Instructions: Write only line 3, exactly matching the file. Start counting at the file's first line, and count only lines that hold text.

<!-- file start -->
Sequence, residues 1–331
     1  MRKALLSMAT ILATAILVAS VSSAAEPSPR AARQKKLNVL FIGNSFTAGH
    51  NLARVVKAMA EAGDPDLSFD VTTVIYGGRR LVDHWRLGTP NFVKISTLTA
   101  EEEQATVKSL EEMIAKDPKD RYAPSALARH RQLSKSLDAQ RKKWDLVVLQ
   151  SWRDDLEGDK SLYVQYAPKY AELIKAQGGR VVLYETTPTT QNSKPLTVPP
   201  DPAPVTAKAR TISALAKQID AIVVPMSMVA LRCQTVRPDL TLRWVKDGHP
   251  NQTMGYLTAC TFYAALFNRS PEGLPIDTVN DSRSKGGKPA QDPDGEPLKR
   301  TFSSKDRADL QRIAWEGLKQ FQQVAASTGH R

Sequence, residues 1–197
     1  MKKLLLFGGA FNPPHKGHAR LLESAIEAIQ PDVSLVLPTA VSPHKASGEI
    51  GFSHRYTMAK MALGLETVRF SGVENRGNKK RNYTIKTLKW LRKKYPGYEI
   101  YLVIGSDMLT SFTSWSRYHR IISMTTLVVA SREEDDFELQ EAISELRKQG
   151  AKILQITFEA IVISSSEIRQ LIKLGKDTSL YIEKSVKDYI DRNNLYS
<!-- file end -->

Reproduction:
    51  NLARVVKAMA EAGDPDLSFD VTTVIYGGRR LVDHWRLGTP NFVKISTLTA